While it makes sense that a few people would believe the lie, it is too easy to correct it against the collective memory. Oral histories have an error correcting mechanism. Each time someone gets a transmission of the oral history, they can immediately check it against the majority of people they are surrounded with. Nobody is giving one person a story, sending them off for a hundred years, and then checking it against the story of another community. What is being alleged here is a tight knit community that is constantly transmitting the story to new people raised in the community, and details are constantly being checked against the majority.

Imagine if someone came to you and told you the George Washington Story, except instead of chopping down a cherry tree, he chops down a pear tree. Instantly, you would correct him, and then you'd go ask a bunch of other people to back you up. When it's 99:1, he will relent that he must have been mistaken. So when the next group tells the story, everybody agrees it's a cherry tree. The first time someone hears the story concerning Sinai, they're going to go tell a friend. They're going to say, I asked my parents and they never heard of it. Instantly, the story is refuted and cannot gain traction.

Now, we know the George Washington story is false. That's why this is a two pronged argument. We can trace the transmission of this story back to a single individual, Mason Locke Weems. His biography is not the type of document that could be considered an authenticated document. It's clearly hagiography and was never accepted as true. Further, it's a very easy lie to pull off not at all analogous to the revelation at Sinai. However, what is extremely important is that once this story enters the collective consciousness, it cannot ever change. If Mason Lock Weems said he chopped down an oak tree, it would forever be an oak tree. To change the hypo, let's say the question is “did Napoleon exist?” We all have a collective “memory” that Napoleon was French. We can trace this back to authenticated documents that document the occurrences in the wake of the French Revolution. Even if we didn't have the original manuscripts, we would have copies of those books and the collective memory that this is exactly what happened.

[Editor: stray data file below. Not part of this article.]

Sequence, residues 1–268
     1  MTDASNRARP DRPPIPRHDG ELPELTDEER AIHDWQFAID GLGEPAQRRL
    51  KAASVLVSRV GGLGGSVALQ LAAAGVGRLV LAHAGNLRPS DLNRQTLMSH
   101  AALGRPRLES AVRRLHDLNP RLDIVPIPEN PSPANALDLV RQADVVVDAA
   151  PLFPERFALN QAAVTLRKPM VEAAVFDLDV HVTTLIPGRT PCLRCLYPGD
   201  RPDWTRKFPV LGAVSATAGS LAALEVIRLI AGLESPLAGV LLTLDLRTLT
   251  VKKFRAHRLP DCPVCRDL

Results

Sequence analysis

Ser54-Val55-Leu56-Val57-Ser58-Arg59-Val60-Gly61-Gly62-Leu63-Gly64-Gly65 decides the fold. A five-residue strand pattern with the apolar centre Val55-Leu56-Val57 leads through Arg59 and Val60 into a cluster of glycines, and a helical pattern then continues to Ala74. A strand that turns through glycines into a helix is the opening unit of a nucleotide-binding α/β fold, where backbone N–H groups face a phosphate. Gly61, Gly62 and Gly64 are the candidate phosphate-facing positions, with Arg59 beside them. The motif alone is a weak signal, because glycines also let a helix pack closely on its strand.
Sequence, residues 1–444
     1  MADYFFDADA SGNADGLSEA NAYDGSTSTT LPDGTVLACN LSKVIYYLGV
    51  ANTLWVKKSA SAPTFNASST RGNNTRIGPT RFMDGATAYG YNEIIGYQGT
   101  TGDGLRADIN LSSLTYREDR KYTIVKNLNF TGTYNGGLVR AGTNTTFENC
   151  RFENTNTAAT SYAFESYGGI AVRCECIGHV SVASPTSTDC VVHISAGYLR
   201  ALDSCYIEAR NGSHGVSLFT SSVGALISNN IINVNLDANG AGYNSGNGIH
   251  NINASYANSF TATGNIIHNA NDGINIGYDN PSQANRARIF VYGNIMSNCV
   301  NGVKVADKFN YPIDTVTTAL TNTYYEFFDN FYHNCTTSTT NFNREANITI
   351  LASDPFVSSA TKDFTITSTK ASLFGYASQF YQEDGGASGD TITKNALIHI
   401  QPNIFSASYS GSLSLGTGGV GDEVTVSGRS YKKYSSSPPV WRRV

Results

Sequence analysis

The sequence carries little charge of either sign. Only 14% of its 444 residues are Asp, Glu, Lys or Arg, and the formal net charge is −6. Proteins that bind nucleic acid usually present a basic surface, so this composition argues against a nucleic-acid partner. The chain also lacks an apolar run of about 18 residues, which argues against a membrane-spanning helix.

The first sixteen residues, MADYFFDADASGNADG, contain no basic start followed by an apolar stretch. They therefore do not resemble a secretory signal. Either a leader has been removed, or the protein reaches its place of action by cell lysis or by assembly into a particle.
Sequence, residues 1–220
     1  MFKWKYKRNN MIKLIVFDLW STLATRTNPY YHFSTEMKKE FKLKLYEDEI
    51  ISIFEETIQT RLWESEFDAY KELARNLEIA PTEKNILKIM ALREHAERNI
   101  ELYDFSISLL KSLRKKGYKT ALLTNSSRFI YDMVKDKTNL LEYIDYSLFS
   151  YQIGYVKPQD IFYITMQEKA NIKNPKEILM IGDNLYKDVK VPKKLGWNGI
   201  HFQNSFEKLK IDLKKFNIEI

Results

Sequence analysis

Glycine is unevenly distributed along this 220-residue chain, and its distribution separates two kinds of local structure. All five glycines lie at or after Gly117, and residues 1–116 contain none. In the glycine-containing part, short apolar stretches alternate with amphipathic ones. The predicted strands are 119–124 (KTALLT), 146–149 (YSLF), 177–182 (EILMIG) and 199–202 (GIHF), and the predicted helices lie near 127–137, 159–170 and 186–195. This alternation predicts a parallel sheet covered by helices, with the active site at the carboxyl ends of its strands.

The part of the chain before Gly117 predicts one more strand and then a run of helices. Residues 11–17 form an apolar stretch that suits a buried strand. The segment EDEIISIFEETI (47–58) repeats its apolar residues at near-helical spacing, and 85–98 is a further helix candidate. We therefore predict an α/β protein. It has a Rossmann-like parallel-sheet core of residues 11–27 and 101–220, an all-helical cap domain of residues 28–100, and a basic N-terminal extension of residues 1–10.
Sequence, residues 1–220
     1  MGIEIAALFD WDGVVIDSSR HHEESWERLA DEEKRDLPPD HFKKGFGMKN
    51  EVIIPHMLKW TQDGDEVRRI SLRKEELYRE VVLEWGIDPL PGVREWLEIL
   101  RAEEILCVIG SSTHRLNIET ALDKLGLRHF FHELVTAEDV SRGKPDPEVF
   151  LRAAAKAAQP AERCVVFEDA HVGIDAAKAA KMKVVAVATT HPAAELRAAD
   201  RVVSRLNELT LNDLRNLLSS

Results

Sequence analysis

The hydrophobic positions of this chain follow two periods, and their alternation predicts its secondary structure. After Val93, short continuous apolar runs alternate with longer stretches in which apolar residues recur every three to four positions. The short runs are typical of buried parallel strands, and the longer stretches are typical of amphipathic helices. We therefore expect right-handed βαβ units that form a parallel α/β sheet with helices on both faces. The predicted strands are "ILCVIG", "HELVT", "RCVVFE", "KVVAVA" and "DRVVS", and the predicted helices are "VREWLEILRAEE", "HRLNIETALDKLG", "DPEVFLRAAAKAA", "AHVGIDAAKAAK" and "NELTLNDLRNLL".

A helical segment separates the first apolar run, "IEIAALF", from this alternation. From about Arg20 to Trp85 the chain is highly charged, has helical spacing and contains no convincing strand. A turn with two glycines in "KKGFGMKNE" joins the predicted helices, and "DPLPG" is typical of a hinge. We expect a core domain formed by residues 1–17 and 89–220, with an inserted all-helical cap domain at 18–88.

For another example, we know that Socrates was generally considered to be a Sophist by the Athenians who were not his immediate disciples. How do we know this? Well, we have Plato testifying that was the case, Xenophon testifying that to be the case, and Aristophanes really hammering that point home. So we have multiple chains of transmission. Further, we have a document, Aristophanes “The Clouds” which is explicit on this fact, and though we don't have the original document, we are certain that it was an accurate perception and that what we have is basically right on the basis of multiple chains of transmission and general agreement.

The revelation at Sinai lie is simply too ambitious. Compare to the revelation claims of every other religion. Christianity? Only a couple people can verify the resurrection. You simply have to accept it on their authority. Mohammed? A man alone in a cave. Nobody can verify that either. You either believe them or you don't. In all these cases, once the story gets going, it is unchangeable. But right at the moment of the initial lie, there's no independent method to verify. National revelation though is verifiable. You can instantly go check to see if its true at the time the lie is proffered. “Did anybody else hear about this huge event that started our government and gave us our freedom? No? Okay then.”

So given we have a self authenticating document, it was not in dispute at any time since then, and we have a continually functioning legal system that claims it as its constitution, it becomes extremely reasonable to believe it. Certain knowledge is going to be impossible. Historic occurrences are not possible to verify. However, given the above, it is reasonable to believe it occurred because it is more likely than not a fabrication would have been immediately discovered and corrected.

kuzari_argument.txt · Last modified: 2018/02/10 17:48 by serena